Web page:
Is It Safe to Combine Lisinopril and Potassium? (with pictures)

Emily Daw
Emily Daw
The amount of potassium in a fruit- and vegetable-rich diet is not dangerous for pateints taking lisinopril.
The amount of potassium in a fruit- and vegetable-rich diet is not dangerous for pateints taking lisinopril.

Lisinopril, a drug prescribed to treat high blood pressure, should not be taken in combination with potassium supplements unless specifically recommended by a doctor. Potassium is often taken as a dietary supplement, which may reduce blood pressure in some individuals, although scientific studies on this subject are inconclusive. Combining lisinopril and potassium, however, may cause life-threatening complications such as idney failure or hyperkalemia, which is having too much potassium in the bloodstream. Before taking lisinopril, patients should inform their doctor of all medications they take, including over-the-counter medicines and dietary supplements.

A pharmacist can tell you how much potassium is safe to consuming when taking lisinopril.
A pharmacist can tell you how much potassium is safe to consuming when taking lisinopril.

Lisinopril is an angiotensin converting enzyme inhibitor, meaning that it lowers the body's production of angiotension, which is an enzyme that is produced in the kidneys and signals the body to increase blood pressure. Angiotension also helps rid the kidneys of excess potassium, so taking lisinopril increases potassium levels in the blood. Combining lisinopril and potassium compounds this effect, often leading to hyperkalemia.

Combining lisinopril and potassium may lead to complications like kidney failure.
Combining lisinopril and potassium may lead to complications like kidney failure.

Mild hyperkalemia may have no symptoms or no lasting negative effects. Moderate cases of hyperkalemia caused by combining lisinopril and potassium may lead to nausea, hypotension or dizziness. In rare cases, however, potassium levels may become so high that they overwhelm the kidneys and cause renal failure, or cause cardiac arrest &mdahs; complete cessation of the heartbeat. Patients with congestive heart failure or pre-existing kidney problems are most at risk for severe complications from hyperkalemia.

Potassium is often taken as a dietary supplement, although those supplements should not be taken in combination with lisinopril.
Potassium is often taken as a dietary supplement, although those supplements should not be taken in combination with lisinopril.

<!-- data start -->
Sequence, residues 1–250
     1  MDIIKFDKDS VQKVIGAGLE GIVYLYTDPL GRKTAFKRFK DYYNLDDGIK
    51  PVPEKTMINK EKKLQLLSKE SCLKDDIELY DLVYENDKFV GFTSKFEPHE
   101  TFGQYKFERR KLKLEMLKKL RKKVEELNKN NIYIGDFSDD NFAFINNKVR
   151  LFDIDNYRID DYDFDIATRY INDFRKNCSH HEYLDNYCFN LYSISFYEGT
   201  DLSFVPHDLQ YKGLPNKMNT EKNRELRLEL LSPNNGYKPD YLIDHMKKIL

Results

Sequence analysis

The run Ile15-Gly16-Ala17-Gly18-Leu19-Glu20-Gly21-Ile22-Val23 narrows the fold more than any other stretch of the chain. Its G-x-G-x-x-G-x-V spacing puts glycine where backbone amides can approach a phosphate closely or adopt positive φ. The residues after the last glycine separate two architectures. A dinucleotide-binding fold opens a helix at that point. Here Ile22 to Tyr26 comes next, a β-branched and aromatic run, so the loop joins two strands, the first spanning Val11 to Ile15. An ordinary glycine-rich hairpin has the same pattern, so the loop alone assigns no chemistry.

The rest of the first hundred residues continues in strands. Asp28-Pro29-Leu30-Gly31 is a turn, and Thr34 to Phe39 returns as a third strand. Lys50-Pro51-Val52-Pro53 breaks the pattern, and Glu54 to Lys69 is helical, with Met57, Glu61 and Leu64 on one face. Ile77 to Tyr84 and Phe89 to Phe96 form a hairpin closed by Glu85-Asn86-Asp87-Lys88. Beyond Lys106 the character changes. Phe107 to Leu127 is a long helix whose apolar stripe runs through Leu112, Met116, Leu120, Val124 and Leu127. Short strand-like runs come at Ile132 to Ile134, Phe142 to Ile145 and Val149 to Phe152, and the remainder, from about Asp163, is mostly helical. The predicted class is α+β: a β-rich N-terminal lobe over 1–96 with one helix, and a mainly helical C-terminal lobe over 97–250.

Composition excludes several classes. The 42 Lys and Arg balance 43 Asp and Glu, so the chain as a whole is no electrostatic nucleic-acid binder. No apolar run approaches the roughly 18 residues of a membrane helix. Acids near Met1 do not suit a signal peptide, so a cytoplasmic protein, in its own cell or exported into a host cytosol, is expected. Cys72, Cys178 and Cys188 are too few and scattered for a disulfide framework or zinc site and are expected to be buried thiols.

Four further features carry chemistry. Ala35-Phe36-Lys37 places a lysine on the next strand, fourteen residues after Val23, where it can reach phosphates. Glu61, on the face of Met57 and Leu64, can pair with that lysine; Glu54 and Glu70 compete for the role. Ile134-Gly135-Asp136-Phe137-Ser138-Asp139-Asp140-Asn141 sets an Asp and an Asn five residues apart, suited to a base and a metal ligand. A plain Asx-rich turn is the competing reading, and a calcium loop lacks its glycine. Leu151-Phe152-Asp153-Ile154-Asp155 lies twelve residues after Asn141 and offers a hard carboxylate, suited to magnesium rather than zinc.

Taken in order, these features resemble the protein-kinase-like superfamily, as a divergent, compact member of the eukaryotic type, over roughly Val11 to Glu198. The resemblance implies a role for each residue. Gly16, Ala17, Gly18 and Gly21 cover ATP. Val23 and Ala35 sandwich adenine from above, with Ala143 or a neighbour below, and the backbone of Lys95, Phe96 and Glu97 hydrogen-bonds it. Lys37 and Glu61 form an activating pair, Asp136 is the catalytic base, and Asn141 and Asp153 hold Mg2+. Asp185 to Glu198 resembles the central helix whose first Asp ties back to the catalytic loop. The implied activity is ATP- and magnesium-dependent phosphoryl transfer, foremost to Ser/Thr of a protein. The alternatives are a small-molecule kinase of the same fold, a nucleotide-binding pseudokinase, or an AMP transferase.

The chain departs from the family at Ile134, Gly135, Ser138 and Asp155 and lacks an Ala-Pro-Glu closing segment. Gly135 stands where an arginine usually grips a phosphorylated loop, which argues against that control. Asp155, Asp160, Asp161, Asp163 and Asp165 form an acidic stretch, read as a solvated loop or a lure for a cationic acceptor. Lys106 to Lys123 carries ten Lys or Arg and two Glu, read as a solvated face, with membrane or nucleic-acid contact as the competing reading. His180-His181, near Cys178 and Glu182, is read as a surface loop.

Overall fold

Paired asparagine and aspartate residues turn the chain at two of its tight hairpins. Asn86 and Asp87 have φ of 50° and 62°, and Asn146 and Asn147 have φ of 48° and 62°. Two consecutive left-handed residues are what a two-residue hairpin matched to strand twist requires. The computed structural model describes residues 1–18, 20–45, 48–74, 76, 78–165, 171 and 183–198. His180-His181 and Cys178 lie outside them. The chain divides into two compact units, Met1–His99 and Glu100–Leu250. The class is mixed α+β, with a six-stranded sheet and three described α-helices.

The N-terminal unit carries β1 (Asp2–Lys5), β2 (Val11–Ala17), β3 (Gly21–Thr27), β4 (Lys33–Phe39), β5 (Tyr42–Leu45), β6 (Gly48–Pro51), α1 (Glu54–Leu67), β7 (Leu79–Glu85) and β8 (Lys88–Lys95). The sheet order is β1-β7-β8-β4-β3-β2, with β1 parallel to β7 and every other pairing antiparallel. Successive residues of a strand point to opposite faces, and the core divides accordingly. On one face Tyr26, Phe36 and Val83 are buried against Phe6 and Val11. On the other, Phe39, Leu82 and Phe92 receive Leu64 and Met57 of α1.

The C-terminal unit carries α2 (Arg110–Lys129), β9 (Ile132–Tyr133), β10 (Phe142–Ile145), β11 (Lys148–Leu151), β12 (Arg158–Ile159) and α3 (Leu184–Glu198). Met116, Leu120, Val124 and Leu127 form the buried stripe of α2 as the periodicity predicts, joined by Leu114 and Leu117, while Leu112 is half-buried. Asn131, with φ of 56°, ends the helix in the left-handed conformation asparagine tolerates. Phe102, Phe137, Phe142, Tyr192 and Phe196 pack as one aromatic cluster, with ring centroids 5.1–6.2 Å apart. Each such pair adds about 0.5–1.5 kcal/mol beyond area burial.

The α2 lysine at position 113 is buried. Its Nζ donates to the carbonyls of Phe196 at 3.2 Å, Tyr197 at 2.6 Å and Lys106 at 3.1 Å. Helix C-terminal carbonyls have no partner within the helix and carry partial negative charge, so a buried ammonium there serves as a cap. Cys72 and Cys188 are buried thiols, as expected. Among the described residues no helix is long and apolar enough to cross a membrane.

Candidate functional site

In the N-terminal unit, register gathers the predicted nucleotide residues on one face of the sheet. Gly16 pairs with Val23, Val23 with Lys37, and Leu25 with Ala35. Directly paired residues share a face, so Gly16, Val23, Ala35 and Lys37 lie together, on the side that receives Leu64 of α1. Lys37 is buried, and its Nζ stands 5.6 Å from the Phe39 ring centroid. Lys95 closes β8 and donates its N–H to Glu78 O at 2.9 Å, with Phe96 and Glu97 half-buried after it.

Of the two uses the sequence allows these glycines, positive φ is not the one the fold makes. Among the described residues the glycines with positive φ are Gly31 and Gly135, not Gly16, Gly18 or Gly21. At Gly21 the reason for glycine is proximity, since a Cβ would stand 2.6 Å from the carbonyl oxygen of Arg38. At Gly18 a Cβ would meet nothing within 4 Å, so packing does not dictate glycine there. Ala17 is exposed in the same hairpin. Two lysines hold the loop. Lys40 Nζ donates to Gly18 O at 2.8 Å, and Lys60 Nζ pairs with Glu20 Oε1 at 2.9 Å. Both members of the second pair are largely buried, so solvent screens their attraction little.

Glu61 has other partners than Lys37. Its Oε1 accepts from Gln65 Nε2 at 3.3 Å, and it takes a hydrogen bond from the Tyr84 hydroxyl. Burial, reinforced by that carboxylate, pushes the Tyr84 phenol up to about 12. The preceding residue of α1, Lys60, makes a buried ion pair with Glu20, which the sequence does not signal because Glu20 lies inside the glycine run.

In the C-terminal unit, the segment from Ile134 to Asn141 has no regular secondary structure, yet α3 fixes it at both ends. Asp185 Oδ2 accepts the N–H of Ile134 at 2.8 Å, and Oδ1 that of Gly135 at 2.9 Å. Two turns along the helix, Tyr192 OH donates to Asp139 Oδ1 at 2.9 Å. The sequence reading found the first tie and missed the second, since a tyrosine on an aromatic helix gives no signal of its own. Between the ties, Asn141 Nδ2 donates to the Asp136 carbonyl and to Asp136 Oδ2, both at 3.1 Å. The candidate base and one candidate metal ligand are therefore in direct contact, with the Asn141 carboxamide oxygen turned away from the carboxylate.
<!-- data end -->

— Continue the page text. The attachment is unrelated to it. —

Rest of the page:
Patients should not only avoid combining lisinopril and potassium supplements, but should also monitor the potassium content of their diet while taking lisinopril. For most adults, the daily recommended allowance of dietary potassium is 4.7 grams, which is around the amount in a healthy fruit- and vegetable-rich diet and is generally not dangerous for patients taking lisinopril. Many pre-packaged low-sodium foods and salt substitutes, however, contain high levels of potassium. Since patients with high blood pressure are often instructed to reduce their sodium intake, they should be especially aware of the potassium content of these foods, which might otherwise seem healthy. A pharmacist or doctor can provide information about the specific amount of potassium that individual patients can safely consume while taking lisinopril.

You might also Like

Readers Also Love

Discuss this Article

Post your comments
Login:
Forgot password?
Register:
    • The amount of potassium in a fruit- and vegetable-rich diet is not dangerous for pateints taking lisinopril.
      The amount of potassium in a fruit- and vegetable-rich diet is not dangerous for pateints taking lisinopril.
    • A pharmacist can tell you how much potassium is safe to consuming when taking lisinopril.
      A pharmacist can tell you how much potassium is safe to consuming when taking lisinopril.
    • Combining lisinopril and potassium may lead to complications like kidney failure.
      Combining lisinopril and potassium may lead to complications like kidney failure.
    • Potassium is often taken as a dietary supplement, although those supplements should not be taken in combination with lisinopril.
      Potassium is often taken as a dietary supplement, although those supplements should not be taken in combination with lisinopril.
    • Patients with congestive heart failure are most at risk for complications from hyperkalemia.
      Patients with congestive heart failure are most at risk for complications from hyperkalemia.
    • A physician may prescribe lisinopril to help alleviate high blood pressure.
      A physician may prescribe lisinopril to help alleviate high blood pressure.
    • Individuals who are taking lisinopril should exercise regularly to avoid weight gain.
      Individuals who are taking lisinopril should exercise regularly to avoid weight gain.